Jessica WashingtonA Millennial’s Point of View

I interviewed an up-and-coming millennial on entrepreneurship.

This week’s featured guest is Jessica Washington, a beauty guide blogger and a recent graduate from St. John’s University with a Bachelor of Science in Public Relations. She currently works as the Communications Coordinator at a youth-based non-profit in the DC Metro area.

Rosalinda: In your opinion, what does a millennial woman look like?

Jessica: Being a millennial woman is both a gift and a curse.

We’re equipped with such powerful tools that previous generations weren’t. With the popularity of social media and the ability to utilize the internet to leverage our own personal brand, we’re unstoppable. But with that comes a price – we’re generally expected to be much more innovative and skilled than previous generations.

Rosalinda: In proving your point, we met on social media and look where it has lead us. Is a millennial woman’s personal pursuit any different than her predecessor?

Jessica: I noticed that collectively, we (millennial women) don’t prioritize traditional gender roles. Although many of us do want to someday marry and start a family, that is not most of our end all be all (it definitely isn’t mine.) Many millennial women want to “have it all,” (career, family, social life, etc.) and it’s so difficult because women must sacrifice so much to have it all.

Rosalinda: Does the millennial man have certain attitudes about millennial woman?

Jessica: I’ve been called uptight by a guy I dated for the fact that I don’t drink at all, I don’t party very often and I talk about work a lot. I’ve been criticized by another for admitting to not being the most domestic person. I’m sorry sir – but I really don’t aspire to be Suzie Homemaker at 22 years old, I have a career to build. I know how to make basic meals, but trying to be the next Betty Crocker really doesn’t interest me.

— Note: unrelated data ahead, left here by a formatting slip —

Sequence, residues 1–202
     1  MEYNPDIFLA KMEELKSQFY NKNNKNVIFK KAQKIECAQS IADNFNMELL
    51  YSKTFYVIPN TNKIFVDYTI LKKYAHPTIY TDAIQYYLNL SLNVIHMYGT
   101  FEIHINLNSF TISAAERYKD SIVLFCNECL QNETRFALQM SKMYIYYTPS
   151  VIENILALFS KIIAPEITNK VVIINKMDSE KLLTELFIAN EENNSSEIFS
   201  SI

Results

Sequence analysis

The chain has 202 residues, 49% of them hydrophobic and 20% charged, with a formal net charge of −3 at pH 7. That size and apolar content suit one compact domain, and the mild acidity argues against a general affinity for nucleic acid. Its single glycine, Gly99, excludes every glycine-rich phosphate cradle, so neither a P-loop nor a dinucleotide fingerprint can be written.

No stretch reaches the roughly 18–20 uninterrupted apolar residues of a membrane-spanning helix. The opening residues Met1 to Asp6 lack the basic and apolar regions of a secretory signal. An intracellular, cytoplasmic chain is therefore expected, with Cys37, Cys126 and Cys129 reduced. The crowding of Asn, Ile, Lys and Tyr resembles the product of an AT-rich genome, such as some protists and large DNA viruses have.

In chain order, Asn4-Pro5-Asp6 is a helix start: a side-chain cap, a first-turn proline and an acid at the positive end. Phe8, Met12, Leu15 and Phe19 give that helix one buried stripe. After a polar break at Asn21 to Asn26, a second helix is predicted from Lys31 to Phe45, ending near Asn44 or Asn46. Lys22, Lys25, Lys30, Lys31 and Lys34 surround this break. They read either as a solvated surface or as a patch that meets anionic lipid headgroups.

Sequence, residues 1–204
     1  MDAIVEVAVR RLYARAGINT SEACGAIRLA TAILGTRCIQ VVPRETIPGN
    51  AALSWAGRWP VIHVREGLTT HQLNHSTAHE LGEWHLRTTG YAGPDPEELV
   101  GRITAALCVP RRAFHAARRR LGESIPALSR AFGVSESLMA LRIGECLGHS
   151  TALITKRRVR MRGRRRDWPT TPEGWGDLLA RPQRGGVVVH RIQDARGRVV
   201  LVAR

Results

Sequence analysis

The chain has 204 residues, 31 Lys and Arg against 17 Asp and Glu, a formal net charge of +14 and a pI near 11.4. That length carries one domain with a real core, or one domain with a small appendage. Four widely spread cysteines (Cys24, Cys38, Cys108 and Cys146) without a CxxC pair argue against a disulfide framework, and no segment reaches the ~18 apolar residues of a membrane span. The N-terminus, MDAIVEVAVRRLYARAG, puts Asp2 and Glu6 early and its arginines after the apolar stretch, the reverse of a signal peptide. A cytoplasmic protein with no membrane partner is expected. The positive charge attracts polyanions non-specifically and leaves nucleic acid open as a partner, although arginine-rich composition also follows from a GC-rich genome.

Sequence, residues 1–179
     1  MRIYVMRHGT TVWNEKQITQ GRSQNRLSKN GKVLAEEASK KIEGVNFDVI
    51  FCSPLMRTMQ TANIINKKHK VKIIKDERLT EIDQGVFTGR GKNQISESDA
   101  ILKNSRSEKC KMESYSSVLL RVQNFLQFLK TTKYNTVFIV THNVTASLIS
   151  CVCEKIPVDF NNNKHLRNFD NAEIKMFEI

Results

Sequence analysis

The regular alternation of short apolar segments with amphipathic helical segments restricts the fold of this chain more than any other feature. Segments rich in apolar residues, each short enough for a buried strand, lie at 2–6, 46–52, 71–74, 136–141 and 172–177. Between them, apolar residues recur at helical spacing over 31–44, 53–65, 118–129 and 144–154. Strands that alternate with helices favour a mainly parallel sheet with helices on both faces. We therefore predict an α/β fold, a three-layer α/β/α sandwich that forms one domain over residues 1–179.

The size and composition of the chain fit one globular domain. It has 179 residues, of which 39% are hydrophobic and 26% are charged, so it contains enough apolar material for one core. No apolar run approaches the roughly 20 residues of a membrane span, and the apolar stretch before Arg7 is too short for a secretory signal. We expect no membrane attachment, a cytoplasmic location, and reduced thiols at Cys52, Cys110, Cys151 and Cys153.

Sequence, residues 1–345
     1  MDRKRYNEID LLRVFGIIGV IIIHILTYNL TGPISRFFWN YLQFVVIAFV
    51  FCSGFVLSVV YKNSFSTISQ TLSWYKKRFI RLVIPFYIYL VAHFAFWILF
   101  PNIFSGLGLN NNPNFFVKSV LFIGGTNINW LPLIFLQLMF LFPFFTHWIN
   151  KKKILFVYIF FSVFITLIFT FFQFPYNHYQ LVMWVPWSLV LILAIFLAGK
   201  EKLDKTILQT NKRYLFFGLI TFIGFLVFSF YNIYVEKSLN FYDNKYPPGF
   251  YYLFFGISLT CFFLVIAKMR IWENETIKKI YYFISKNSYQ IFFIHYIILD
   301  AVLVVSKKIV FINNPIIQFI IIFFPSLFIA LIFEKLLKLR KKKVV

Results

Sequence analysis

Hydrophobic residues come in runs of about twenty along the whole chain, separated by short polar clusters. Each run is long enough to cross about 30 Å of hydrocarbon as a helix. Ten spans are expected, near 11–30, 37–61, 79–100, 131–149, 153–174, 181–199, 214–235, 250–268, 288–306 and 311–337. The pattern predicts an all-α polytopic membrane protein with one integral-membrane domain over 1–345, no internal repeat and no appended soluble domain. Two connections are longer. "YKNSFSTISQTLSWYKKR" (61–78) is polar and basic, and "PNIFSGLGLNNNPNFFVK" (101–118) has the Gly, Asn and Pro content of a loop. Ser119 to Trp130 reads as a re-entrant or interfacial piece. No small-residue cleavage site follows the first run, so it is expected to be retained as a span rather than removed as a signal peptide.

I once read a tweet – I don’t remember exactly what it said but it basically implied that less women would be single if they would stay “in the kitchen” and stop “trying to be men.” You can only imagine how that ticked me off – but that’s another topic for another day.

Rosalinda: Yes. The topic of millennial dating and expectations is one we should explore. What does being an entrepreneur mean to you?

Jessica: In terms of being an entrepreneur – there are, of course many upsides. You get to be your own boss – but that can also be a bad thing. I would imagine that there is a tremendous amount of dedication and discipline that are required to successfully be your own boss, and to make your business as lucrative as possible. But if you’ve got those qualities, you’re calling the shots. I can’t imagine a better feeling than making all of your work decisions for yourself. Must be nice! (I hope to get there someday!)

Rosalinda: As your “predecessor”, you are right in that starting, developing, maintaining, and growing your own business takes a tremendous amount of time. Personally speaking, and from experience, I could not have “done it all.” And even given the opportunity, I would not have wanted to. As you brilliantly deduced, something must be sacrificed. Thank you, Jessica.

To connect, read more about Jessica Washington and learn about her services:


Twitter: @jessconfessed

To read Part 1: Amanda Suazo, please click here.

Helping Businesses and Individuals Find Success Through Better Communication and Social Skills

having lunch with a CEO, business dining etiquetteRosalinda Oropeza Randall, Social Skills and Civility Presenter, Media Source, and author of “Don’t Burp in the Boardroom.”

Presentations are available to support HR policies, sales teams, up and coming managers, millennials & new-hire orientation process, service technicians, professional development events, conferences, college/university students, interns. For more information, please contact me, 650.871.6200.

© 2017 Rosalinda Randall. All Rights Reserved.